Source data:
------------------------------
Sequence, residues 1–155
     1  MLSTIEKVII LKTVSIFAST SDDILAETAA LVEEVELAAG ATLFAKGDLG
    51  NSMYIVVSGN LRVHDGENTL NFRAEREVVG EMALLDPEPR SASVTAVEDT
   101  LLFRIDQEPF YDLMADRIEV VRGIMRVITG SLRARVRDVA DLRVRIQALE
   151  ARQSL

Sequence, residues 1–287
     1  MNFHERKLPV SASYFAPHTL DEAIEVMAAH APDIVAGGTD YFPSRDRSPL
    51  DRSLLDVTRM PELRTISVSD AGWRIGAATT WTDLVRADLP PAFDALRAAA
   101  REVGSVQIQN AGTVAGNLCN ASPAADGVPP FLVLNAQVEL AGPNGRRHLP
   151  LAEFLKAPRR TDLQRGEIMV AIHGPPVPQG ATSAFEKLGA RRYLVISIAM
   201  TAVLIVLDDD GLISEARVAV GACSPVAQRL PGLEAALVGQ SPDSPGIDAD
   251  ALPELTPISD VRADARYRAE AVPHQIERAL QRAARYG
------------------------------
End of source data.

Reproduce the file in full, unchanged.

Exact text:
Sequence, residues 1–155
     1  MLSTIEKVII LKTVSIFAST SDDILAETAA LVEEVELAAG ATLFAKGDLG
    51  NSMYIVVSGN LRVHDGENTL NFRAEREVVG EMALLDPEPR SASVTAVEDT
   101  LLFRIDQEPF YDLMADRIEV VRGIMRVITG SLRARVRDVA DLRVRIQALE
   151  ARQSL

Sequence, residues 1–287
     1  MNFHERKLPV SASYFAPHTL DEAIEVMAAH APDIVAGGTD YFPSRDRSPL
    51  DRSLLDVTRM PELRTISVSD AGWRIGAATT WTDLVRADLP PAFDALRAAA
   101  REVGSVQIQN AGTVAGNLCN ASPAADGVPP FLVLNAQVEL AGPNGRRHLP
   151  LAEFLKAPRR TDLQRGEIMV AIHGPPVPQG ATSAFEKLGA RRYLVISIAM
   201  TAVLIVLDDD GLISEARVAV GACSPVAQRL PGLEAALVGQ SPDSPGIDAD
   251  ALPELTPISD VRADARYRAE AVPHQIERAL QRAARYG